Little Valley (village), New York

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Little Valley, New York
The village's post office
Little Valley is located in New York
Little Valley
Little Valley
Location within the state of New York
Coordinates: 42°14′58″N 78°47′59″W / 42.24944°N 78.79972°W / 42.24944; -78.79972Coordinates: 42°14′58″N 78°47′59″W / 42.24944°N 78.79972°W / 42.24944; -78.79972
Country United States
State New York
County Cattaraugus
Town Little Valley
Incorporated 1870
 • Mayor Norman Marsh
 • Total 1.0 sq mi (2.6 km2)
 • Land 1.0 sq mi (2.6 km2)
 • Water 0.0 sq mi (0.0 km2)
Elevation 1,598 ft (487 m)
Population (2010)
 • Total 1,143
 • Density 1,141/sq mi (440.4/km2)
Time zone Eastern (EST) (UTC-5)
 • Summer (DST) EDT (UTC-4)
ZIP code 14755
Area code(s) 716
FIPS code 36-42829
GNIS feature ID 0955720
Phone exchange 938

Little Valley is a village in Cattaraugus County, New York, United States. It is in the northwest corner of the town of Little Valley. The village population was 1,143 at the 2010 census,[1] out of a population of 1,740 within the entire town. Little Valley is the county seat of Cattaraugus County and also the location of the county fair (held in August in the fairgrounds north of the village). The village is north of Salamanca.

The village's name is a relative comparison of two tributaries (the other being the neighboring Great Valley) of the Allegheny River.


Prior to 1868, the village of Ellicottville was the county seat, but the presence of a railroad line in Little Valley prompted a move. The village of Little Valley was incorporated in 1876. The railroad line shut down around 1990.

The Little Valley post office is the only village structure listed on the National Register of Historic Places.[2] Ironically, the building is one of the newer buildings in the town, constructed in 1941. Several other buildings (such as the Civil War Memorial Building in 1911 and the former Little Valley Central School building in 1921, as well as many of the houses) are significantly older than the post office.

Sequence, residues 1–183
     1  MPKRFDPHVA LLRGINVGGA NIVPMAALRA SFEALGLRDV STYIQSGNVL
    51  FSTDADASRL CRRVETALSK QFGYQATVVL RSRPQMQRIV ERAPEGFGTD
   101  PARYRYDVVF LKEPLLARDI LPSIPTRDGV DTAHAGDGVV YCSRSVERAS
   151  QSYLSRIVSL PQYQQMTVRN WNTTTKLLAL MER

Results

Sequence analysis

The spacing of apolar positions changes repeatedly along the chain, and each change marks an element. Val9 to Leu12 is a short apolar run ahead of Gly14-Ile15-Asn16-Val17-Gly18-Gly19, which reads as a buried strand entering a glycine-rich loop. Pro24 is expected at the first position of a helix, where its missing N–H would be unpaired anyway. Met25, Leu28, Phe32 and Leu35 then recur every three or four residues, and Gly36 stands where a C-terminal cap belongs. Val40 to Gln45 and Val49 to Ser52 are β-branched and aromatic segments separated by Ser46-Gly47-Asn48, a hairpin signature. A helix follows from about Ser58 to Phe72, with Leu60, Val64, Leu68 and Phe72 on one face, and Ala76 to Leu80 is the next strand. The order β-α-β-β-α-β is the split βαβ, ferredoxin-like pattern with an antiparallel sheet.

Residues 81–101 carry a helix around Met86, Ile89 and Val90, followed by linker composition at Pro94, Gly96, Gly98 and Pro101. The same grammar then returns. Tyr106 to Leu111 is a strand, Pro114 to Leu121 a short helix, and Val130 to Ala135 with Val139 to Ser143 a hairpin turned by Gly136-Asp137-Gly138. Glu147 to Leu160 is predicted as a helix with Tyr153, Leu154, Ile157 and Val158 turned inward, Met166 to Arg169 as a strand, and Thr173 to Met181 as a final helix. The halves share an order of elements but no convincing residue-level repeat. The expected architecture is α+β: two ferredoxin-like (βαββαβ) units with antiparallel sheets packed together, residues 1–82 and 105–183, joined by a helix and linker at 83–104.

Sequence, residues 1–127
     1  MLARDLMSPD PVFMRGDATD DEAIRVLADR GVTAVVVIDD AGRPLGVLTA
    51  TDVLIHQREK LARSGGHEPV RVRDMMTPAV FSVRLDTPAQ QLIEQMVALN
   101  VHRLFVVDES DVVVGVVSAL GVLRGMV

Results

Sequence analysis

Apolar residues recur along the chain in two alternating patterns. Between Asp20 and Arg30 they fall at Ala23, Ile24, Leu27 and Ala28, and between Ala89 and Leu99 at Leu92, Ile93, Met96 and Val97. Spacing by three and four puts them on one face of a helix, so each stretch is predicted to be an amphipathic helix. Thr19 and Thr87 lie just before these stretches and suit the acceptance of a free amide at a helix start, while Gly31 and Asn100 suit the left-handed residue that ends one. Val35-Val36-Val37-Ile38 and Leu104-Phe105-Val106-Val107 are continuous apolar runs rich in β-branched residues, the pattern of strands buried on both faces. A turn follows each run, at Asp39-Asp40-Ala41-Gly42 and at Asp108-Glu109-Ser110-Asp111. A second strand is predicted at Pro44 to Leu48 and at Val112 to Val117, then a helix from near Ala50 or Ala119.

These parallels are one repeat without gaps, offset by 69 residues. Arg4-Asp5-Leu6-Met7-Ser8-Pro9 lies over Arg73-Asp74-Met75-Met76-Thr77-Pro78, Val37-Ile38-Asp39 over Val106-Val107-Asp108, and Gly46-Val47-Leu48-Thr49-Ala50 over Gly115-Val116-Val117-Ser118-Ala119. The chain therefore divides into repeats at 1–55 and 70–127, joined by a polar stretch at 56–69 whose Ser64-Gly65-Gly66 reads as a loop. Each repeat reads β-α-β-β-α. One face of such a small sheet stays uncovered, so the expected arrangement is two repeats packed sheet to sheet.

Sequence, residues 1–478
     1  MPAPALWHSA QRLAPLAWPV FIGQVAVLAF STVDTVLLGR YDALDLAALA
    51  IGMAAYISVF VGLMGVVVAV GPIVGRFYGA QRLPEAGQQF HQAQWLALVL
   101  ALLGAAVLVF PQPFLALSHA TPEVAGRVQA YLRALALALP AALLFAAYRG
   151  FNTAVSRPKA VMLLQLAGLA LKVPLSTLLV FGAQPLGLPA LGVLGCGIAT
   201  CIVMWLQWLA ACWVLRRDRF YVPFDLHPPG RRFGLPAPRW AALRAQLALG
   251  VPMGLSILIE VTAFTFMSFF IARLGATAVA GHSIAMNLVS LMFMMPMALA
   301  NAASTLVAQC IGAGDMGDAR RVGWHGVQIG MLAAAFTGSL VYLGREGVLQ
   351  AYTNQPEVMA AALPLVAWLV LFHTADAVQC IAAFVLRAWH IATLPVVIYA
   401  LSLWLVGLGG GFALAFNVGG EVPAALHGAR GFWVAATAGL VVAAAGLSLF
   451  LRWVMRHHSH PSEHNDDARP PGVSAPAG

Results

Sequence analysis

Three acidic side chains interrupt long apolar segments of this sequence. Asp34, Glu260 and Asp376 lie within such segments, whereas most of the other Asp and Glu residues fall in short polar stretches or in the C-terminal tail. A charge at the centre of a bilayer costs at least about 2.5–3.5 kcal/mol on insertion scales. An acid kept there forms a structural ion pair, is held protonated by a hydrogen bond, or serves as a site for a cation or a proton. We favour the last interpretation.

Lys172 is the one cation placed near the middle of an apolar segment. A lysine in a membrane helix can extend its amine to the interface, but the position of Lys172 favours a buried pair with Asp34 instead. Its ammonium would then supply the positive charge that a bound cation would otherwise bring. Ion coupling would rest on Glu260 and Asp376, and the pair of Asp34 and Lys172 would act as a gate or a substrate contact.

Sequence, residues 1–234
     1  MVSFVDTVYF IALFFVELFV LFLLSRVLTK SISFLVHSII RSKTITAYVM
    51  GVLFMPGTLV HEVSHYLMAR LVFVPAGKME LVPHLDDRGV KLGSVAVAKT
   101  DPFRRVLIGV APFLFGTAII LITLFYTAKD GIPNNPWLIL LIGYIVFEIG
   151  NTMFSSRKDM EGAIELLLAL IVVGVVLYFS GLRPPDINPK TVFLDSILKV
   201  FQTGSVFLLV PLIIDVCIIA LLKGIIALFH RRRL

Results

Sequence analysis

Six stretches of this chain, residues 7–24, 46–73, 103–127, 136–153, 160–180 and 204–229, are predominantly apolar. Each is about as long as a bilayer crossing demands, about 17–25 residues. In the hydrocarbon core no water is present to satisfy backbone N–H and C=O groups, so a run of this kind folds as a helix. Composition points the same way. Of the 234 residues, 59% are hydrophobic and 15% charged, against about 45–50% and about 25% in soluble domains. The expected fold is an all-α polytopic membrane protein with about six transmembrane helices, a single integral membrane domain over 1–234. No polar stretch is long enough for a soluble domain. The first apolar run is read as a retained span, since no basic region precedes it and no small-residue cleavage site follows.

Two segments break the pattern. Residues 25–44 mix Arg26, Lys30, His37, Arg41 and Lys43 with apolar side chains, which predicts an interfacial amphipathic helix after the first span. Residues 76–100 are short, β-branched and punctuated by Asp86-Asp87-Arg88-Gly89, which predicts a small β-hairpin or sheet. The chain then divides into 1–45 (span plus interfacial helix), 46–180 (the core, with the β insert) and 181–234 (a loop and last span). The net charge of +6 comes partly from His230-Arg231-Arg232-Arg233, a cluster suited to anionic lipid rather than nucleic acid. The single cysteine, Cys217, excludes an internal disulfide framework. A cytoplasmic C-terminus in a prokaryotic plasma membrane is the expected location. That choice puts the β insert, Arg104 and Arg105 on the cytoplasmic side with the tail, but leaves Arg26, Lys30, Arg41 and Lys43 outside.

Ira Joe Fisher, a daytime television personality and weather reporter, spent most of his childhood in Little Valley.

Politics and government[edit]

The village is operated by a village board that consists of a mayor, a deputy mayor, and three trustees. All serve four-year terms, and most of the board is up for re-election on the same year, meaning that two to three years can pass without any village board seats up for election.

The mayor of Little Valley is Norman Marsh, a Republican. Marsh was re-elected through 2019 in an unopposed election in March 2015. The village board consists of a deputy mayor and three other trustees.


The village of Little Valley is located in the northwest part of the town of Little Valley at 42°14′58″N 78°47′59″W / 42.24944°N 78.79972°W / 42.24944; -78.79972 (42.249555, -78.799775).[3]

According to the United States Census Bureau, the village has a total area of 1.0 square mile (2.6 km2). None of the area is covered with water.

Little Valley Creek, a tributary of the Allegheny River, flows past the northeast side of the village. A smaller creek, Lees Hollow, flanks Little Valley Creek on the southern side of the village.

State routes NY-242 and NY-353 converge at the village. County Routes 5 and 14 enter the village from the north.

Bus service is provided to the village by Coach USA (on its Jamestown to New York City line) and the Seneca Transit System (on its Buffalo to Highbanks line).